‘The left has lost the ability to think’

Graham Linehan on how trans ideology has driven the smart set insane.

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Topics Free Speech Identity Politics UK

Graham Linehan, the comedy writer best known for his creations Father Ted and The IT Crowd, is now persona non grata in his old arts and media circles. He has paid an extraordinary price for speaking out against trans ideology. For Graham, this is a straightforward matter of speaking out for women’s rights, gay rights and the safety of children. So why do so many self-styled progressives object to what he says? And why do they want to silence this debate?

Graham joined Brendan O’Neill on the latest episode of The Brendan O’Neill Show, to discuss all this and more. Below is an edited extract from their conversation. Listen to the full episode here.

Brendan O’Neill: Women who stand up to the trans movement are called misogynistic names and are demonised by sexist mobs online. But the whole idea that a man can easily become a woman is also incredibly misogynistic. Would you say the trans ideology is misogynistic at root?

Graham Linehan: The belief that women are just broken forms of men seems to be tied into the ideology of the trans movement. It is an extraordinary argument to make – that a man who is mentally sick and dysphoric is the same as being a woman. An eye-opening moment for me was when I saw so-called progressives comparing these men to black people. They would say things like: ‘Transwomen are women, just like black women are women.’

It’s not only a racist and misogynistic movement, it’s a homophobic one, too. I recently did a stunt where I changed my pronouns and joined a lesbian dating app, because I look no different from all the other men who are trolling women by calling themselves ‘she / her’ and saying they’re lesbians. So many on the left just seem unable to think at the moment. They don’t seem to be able to recognise that they are the anti-gay ones now. They’re the ones who are now anti-minority.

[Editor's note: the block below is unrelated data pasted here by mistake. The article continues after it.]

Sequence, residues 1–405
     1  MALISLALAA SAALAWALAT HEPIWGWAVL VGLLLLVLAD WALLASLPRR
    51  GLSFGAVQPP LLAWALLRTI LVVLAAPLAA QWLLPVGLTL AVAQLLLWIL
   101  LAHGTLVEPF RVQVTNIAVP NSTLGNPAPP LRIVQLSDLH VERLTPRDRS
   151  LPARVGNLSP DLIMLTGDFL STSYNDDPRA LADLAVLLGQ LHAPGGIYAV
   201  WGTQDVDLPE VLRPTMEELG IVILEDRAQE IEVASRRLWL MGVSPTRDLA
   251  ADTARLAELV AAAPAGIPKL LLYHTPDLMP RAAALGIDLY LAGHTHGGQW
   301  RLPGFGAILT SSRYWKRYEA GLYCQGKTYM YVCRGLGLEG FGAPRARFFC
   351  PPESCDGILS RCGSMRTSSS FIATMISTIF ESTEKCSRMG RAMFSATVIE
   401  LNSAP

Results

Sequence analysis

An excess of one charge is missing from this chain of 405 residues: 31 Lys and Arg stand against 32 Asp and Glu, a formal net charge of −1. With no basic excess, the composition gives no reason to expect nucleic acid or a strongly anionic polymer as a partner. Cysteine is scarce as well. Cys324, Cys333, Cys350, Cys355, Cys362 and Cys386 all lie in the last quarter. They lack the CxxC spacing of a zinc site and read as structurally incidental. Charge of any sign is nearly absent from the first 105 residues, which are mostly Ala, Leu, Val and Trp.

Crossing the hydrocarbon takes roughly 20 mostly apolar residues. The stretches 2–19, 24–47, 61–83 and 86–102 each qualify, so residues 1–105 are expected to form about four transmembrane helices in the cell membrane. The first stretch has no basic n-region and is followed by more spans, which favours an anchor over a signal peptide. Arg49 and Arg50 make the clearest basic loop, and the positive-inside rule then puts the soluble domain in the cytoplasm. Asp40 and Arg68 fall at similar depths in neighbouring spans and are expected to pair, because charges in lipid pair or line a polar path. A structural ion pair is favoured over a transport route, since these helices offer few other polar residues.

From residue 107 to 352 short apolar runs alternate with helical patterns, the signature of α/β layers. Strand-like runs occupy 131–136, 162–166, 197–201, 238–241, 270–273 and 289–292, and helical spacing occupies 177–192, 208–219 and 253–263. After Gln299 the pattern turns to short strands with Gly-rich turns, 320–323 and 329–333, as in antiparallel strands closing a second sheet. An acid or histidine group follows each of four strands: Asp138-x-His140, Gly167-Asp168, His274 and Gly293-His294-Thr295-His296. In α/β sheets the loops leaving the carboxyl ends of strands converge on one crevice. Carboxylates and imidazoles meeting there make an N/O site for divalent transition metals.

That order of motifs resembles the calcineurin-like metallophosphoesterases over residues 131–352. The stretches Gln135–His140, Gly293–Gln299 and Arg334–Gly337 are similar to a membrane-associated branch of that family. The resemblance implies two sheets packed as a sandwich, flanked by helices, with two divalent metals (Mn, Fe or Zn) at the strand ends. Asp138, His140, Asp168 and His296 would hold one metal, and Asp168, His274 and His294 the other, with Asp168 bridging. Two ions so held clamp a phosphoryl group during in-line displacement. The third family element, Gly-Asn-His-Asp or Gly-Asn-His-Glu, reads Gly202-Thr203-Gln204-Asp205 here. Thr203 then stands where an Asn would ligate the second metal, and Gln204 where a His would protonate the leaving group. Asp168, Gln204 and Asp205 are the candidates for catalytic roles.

A few years ago, when I was still a good left-wing soldier, I remember getting into trouble for talking about the burqa. People used the phrase ‘it’s their culture’ to explain why a man can wear shorts in the blazing sunshine, but his wife has to wear an all-over black covering. Now these same people are arguing that men should be allowed into female spaces, which will make those spaces impossible to access for many Muslim and Jewish women. The left hasn’t just lost the ability to think – it has abandoned it with gusto.

This is possibly because the tools that leftists have acquired in fighting for this stupid ideology are ones that don’t make them think too much about what they’re arguing for. They can use thought-terminating clichés. They can use shaming. They can use guilt-by-association. All these things can keep them in a position where they don’t have to properly look at the issue. They just have to pull out whatever weapon is in their armoury and use it against their enemy. That can sustain a movement for a while, but not forever.

All these people do is attack without any kind of substance. I often wondered why no one was looking at the scandals at Mermaids or at the Tavistock clinic, but a lot of the time it was simply because they didn’t know about them. They don’t consume any media other than the Guardian. And it’s only recently that the Guardian decided to let readers in on these scandals. Up until that point, its readers could almost be forgiven for not having a clue.